Tuesday, February 3, 2015

2015 Livingstone School Science Fair (updated)

Chris Davis
(updated with results)

Livingstone School's annual Science Fair was held on January 29.  Exhibits, experiments, and demonstrations made the school's gymnasium a busy place for the afternoon.  On display were projects that were practical, whimsical, and in some cases truly innovative. I was particularly impressed with the willingness of many of the students to explain in detail, and to answer unexpected questions about their projects. 

Alina Pharis - First Place (Grades 5 & 6)
Alina Pharis earned First Place for Graes 5 & 6. She's an avid baker, and her experiment reflected that.  She examined the question  "Does the recommended amount of baking powder really yield the best result in a recipe?"  The resulting muffins she baked covered the spread from tiny and over-sweet to large and sour.


Grades 1 & 2:

  1. Madison Grandoni
  2. Shawn Smyth
  3. Anna Friesen

Grades 3 & 4:

  1. Amy Friesen
  2. Mackinley Mallard
  3. Layla Cannon

Grades 5 & 6:

  1. Alina Pharis
  2. Ryan Smyth
  3. Mathias Lynch-Staunton

Grades 7 & 8:

  1. Adeline Halibert and Hailey Grove
  2. Logan Sekella and Gus Halibert
  3. Megan Hurst  

Anna Friesen (3rd place Grades 3 and 4)
Anna Friesen (Grade 2) demonstrated how stalactites grow.  According to Friesen, it can take thousands of years in a cave for them to grow naturally, from the precipitation of stalagmites.  She demonstrated a small stalactite she made from everyday items.  "It only took a few days to grow in my house," she said, explaining that the first way she tried it didn't work (using baking soda and string), but an email from her Auntie directed her to a working solution, shared below.  Anna's project earned her third place in the Grades 3 & 4 category.

How to grow a stalactite at home:
  • Stir as much Epsom salts into hot water as you can.
  • Pour the water into two identical jars.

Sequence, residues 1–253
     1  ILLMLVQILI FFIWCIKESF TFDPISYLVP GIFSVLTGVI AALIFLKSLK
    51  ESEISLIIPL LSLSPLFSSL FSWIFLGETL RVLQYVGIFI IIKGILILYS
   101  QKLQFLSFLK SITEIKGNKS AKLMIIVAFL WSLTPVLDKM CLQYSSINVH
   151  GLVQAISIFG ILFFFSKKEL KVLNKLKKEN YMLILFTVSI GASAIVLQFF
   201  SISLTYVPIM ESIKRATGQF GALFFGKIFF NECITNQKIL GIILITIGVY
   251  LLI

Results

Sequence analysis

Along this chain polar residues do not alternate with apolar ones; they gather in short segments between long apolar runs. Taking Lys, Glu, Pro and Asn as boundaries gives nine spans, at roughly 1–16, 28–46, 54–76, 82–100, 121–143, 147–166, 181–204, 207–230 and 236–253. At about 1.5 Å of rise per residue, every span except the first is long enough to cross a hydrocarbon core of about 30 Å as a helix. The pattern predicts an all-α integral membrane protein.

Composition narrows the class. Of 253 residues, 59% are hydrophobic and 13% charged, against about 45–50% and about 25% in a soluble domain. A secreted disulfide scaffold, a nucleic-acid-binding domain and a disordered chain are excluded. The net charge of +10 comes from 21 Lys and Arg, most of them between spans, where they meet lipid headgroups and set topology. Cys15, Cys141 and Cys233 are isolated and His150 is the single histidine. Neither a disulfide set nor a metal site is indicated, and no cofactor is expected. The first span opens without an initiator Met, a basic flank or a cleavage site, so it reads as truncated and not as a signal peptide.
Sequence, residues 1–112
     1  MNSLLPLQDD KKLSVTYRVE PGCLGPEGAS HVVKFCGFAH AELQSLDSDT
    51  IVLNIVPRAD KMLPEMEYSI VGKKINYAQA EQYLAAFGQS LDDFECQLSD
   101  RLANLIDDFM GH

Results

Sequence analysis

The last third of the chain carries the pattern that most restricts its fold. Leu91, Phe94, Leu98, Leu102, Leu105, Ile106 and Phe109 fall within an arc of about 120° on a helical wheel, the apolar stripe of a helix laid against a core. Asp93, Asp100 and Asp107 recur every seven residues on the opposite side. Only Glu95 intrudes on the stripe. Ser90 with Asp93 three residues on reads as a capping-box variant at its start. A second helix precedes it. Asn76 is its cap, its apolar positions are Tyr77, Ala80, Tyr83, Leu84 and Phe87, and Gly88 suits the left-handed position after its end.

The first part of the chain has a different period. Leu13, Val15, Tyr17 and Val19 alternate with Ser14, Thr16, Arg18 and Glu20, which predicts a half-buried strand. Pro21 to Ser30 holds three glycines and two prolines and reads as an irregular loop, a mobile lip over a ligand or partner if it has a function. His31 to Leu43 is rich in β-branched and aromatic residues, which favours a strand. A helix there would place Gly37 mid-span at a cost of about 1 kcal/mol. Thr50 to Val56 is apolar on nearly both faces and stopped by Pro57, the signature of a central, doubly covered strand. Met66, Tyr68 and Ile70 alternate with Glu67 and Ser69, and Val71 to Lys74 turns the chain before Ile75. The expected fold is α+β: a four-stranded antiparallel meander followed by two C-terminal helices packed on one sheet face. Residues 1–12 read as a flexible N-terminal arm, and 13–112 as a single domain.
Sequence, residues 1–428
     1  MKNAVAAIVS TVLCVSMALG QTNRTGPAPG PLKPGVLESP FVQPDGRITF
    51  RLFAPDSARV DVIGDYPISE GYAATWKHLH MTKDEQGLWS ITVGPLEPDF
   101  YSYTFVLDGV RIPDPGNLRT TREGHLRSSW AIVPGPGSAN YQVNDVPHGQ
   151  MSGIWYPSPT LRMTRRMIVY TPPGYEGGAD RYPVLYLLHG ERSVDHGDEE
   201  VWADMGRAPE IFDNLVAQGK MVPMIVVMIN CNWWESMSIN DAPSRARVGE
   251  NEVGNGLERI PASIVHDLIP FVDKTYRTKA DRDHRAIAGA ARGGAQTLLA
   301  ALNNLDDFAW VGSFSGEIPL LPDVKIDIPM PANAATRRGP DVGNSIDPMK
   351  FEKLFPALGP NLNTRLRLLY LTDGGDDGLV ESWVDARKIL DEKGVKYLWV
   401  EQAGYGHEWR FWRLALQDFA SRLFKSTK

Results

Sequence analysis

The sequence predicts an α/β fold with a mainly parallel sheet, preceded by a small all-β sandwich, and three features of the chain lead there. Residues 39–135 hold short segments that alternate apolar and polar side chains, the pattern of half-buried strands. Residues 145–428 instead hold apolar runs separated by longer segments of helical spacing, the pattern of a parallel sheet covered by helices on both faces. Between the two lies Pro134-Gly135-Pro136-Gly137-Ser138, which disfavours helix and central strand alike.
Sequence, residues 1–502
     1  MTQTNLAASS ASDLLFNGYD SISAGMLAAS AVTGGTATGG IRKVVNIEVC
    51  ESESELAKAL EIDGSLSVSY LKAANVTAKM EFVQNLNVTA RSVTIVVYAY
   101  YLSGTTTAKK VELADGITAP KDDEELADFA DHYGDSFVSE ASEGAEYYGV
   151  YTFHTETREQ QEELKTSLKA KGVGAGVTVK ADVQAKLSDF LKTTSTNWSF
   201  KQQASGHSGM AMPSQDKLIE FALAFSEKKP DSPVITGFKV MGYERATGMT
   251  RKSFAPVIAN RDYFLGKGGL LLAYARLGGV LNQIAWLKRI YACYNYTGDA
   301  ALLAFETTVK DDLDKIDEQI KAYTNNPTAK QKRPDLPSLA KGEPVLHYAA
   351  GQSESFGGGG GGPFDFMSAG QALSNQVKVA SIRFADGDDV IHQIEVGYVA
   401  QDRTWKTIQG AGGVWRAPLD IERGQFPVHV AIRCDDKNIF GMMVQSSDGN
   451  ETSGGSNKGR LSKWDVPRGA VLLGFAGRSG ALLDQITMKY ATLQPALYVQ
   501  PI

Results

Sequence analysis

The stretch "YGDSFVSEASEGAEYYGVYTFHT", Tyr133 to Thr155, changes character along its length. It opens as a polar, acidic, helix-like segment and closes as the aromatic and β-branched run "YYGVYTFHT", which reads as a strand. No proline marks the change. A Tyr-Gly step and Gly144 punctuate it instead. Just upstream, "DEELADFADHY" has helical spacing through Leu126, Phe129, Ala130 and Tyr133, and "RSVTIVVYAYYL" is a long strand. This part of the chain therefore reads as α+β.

• Roll up a paper towel and stick each end in the jars.
  • Enjoy watching it grow!
An Epsom salt "snowflake"

Blake Hollingshead
Blake Hollingshead (Grade 5) packed his own shells (under adult supervision) to determine which provided the most effective amount of gunpowder for accuracy when used with a .204 rifle.  Measuring from a target he made he determined that 22.8 grains (Gr,) (the second highest amount of gunpowder in his experiment) was the most accurate for the gun he used.  28.6 Gr. resulted in too big an explosion in the shell, too fast and inaccurate.  Lower grain counts resulted in the bullet going too slowly.  "There was not a big enough explosion in the shell to force the bullet to go fast enough for an accurate shot."

Detail from Blake Hollingshead's target

Caley Graff
Caley Graff demonstrated how vinegar and baking soda mixed into plastic bottles could be used to fill balloons with carbon dioxide, the result of the acid-base reaction between the two ingredients.

Danielle Hann
Danielle Hann explored how positioning can affect the accuracy and speed of a baseball throw.  Her Dad acted as a comparison subject.  They tested pitching 27 feet in "submarine", regular, on one leg, high leg kick, and jumping positions.

Gareth Kaack
Gareth Kaack had a colorful display.  He determined that scented candles last longer than unscented candles, because there are more chemicals to burn.

Jacob Hampson
Jacob Hampson demonstrated that incandescent light bulbs are 2-5 times hotter than LED bulbs, using a cookie thermometer for measurements.
Jaylene Giesbrecht and Mary Alice Goodwin-Tanner made matchstick rockets
Kale Taylor
Kale Taylor (Grade 6) tested which glow-in-the-dark recipe produced the most luminosity in a dark box.

Radiant heat exhibit by Markus Eden
Matthias Eden
Matthias Eden made waterproof matches out of ordinary stick matches coated with nail polish, an idea he got from Field and Stream magazine.  He tested three brands of nail polish, and kept one matchstick unchanged for comparison.  "Pure Ice" nail polish provided the best results, but all nail polish coated matchsticks worked after being soaked in water.

Megan Hurst
Megan Hurst (Grade 7) tested the effectiveness of dishwasher brands.  She earned Third in the Grades 7 & 8 category for her efforts.

Mina Wood and Indie McGarva
Mina Wood and Indie McGarva tested the absorbency of various brands of diapers.  An unexpected side-effect - when they cut the diapers open they discovered the liquid turned to a gooey "jello" inside.  Pampers Baby Dry was the winner in their experiment.

Morgan Dingreville and her Lava Lamp experiment
Morgan Dingreville (Grade 2) said her Lava Lamp experiment was "fun to do".  

Nadine experimented with dish soaps to see which would create the biggest and  longest lasting bubbles.  I asked her if bubbles were hard to measure.  "Yeah," she said with a smile.  She concluded that of the four brands she tested Dawn had the longest lasting bubbles.

Ryan Smyth's germinating sprouts - 2nd Place Grades 5 & 6

Waci Thomson
Waci Thomson proved that eggs are more buoyant in salt water.

Electric Potatos!

If I missed your experiment and you'd like to tell our readers about it, drop us a line at

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